The state Department of Transportation plans to install traffic signals on four on-ramps on Interstate 540 in Raleigh early next year to break up the long lines of vehicles that pour onto the freeway during rush hour.
The signals, known as ramp meters, will switch between green and red, allowing one or two drivers to go, then stopping the next ones for a few moments. The idea is that putting some space between the vehicles on the ramp should make it easier for them to merge into traffic on the highway.
“That translates to better traffic flow and more reliable times on the freeway, as well as improved safety and fewer crashes,” said Kevin Lacy, DOT’s state traffic engineer.
It will be the first time ramp meters have been used in North Carolina, though they’re common in other large cities, including New York, Houston and Atlanta. They’ve been used on freeways in Chicago since the 1960s.
Never miss a local story.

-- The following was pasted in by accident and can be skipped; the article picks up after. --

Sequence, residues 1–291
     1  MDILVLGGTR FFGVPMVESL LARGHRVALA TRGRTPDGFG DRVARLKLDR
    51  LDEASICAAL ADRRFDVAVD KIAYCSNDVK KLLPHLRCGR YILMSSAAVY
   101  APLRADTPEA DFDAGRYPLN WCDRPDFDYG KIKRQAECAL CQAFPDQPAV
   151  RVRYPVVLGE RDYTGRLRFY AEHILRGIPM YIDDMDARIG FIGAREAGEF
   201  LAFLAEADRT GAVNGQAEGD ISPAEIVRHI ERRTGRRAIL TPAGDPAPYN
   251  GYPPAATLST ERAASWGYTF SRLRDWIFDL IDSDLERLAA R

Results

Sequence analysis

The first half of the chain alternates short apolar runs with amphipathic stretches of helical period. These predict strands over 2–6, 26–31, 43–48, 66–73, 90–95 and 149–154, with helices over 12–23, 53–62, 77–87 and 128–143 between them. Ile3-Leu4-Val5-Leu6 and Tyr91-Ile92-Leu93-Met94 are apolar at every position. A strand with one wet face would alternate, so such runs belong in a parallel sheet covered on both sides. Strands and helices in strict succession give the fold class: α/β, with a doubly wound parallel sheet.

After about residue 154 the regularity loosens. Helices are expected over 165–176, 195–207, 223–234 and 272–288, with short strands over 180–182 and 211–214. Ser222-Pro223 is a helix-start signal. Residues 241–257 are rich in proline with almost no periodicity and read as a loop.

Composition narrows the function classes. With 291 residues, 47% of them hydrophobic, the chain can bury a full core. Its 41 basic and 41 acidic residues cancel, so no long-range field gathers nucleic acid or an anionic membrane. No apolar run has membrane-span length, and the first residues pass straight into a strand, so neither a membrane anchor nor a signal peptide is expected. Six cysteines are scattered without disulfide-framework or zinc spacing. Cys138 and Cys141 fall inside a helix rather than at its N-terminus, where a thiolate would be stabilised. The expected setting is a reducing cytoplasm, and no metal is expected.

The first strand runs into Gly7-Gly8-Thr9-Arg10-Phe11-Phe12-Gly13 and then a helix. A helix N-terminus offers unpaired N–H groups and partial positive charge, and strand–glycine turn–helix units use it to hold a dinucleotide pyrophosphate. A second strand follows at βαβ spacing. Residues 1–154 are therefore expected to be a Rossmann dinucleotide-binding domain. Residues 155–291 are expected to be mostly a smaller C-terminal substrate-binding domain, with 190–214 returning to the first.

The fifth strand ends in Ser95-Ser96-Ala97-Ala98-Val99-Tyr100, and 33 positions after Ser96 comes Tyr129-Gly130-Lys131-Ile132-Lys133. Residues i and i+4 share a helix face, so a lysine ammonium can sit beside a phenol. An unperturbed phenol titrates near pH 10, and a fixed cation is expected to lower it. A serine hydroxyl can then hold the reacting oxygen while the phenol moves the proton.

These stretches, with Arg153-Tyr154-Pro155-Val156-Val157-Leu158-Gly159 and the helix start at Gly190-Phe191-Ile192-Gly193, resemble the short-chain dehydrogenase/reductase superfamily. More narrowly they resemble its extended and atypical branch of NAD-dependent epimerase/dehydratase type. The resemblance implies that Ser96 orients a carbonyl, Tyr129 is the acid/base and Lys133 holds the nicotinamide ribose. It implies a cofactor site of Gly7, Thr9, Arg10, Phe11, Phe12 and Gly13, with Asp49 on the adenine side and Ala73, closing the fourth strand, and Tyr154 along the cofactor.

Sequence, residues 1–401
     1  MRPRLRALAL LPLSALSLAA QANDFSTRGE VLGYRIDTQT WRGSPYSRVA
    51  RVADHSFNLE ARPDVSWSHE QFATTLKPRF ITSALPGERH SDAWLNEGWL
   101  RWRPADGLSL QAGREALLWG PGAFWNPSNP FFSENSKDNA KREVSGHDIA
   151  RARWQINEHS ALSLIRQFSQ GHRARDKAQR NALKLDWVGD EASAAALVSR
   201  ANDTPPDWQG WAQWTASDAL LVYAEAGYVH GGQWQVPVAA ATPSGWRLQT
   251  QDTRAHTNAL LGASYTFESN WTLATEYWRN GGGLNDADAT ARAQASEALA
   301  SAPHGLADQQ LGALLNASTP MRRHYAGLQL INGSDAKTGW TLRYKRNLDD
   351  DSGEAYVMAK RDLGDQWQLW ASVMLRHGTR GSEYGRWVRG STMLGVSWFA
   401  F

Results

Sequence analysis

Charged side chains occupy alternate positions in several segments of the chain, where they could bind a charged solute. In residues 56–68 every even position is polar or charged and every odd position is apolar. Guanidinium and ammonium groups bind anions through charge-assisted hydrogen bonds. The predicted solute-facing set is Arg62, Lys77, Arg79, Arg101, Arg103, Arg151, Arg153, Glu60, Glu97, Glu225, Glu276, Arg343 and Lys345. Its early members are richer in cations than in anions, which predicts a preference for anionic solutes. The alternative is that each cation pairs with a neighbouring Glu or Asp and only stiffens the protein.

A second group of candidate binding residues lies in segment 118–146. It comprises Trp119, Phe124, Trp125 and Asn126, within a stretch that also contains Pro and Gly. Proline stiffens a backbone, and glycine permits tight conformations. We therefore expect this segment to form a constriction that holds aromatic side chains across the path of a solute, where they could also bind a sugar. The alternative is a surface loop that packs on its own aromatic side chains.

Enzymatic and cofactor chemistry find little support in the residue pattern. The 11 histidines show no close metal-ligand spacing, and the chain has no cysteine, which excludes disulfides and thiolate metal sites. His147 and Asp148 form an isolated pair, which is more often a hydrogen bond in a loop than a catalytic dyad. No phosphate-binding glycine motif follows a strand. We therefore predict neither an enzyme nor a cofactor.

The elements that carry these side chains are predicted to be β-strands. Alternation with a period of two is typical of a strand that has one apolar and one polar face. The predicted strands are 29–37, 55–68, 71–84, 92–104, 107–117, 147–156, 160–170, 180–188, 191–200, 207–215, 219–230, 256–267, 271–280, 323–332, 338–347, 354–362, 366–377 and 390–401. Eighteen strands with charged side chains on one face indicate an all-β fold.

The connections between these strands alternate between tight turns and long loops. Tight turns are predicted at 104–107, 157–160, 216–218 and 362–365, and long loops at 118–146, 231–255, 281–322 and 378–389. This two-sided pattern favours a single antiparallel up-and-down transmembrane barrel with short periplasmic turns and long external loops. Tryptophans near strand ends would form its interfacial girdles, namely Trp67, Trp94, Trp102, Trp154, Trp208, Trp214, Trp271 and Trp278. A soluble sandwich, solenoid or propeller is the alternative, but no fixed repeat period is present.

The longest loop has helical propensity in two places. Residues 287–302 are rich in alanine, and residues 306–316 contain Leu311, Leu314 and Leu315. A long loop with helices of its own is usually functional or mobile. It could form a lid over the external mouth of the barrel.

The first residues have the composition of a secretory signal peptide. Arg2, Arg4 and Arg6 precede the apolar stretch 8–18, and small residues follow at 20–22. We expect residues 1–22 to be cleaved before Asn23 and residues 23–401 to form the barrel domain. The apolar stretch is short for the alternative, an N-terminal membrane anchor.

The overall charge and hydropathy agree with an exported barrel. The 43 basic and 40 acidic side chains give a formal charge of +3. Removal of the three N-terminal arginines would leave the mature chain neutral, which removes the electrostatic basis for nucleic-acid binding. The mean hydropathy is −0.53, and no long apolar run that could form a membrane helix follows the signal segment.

The I-540 lights are a test for the state, said DOT spokesman Steve Abbott. If they’re successful there, DOT would look to install them on other busy ramps in North Carolina.
The signals will be installed on the westbound on-ramps at Falls of Neuse, Six Forks, Creedmoor and Leesville roads and will be used during the morning rush hour and at other times of heavy traffic, such as after an accident, Abbott said. The lights will be turned off when not in use.
DOT chose the four ramps in part because of their length, Abbott said. The lights will be placed about halfway down the ramps, giving drivers enough space to get up to speed from a dead stop.
“You have to have a long enough ramp to get up to highway speed,” he said.
Sensors in the pavement will detect if traffic from the on-ramp is backing up onto the road and will turn the light green long enough to clear the backup. NCDOT’s traffic operations center will monitor the ramps via cameras and can manually adjust the signals if necessary.
The ramp meters will cost an estimated $2.1 million to install, and DOT hopes to have them in place by next spring. It will hold a public meeting to explain how they’ll work and answer questions on Thursday, Sept. 29, at the Abbotts Creek Community Center on Durant Road in Raleigh. The meeting will run from 4 to 7 p.m.
For more information
The N.C. Department of Transportation has a website to explain the ramp signals at www.ncdot.gov/projects/onrampsignals/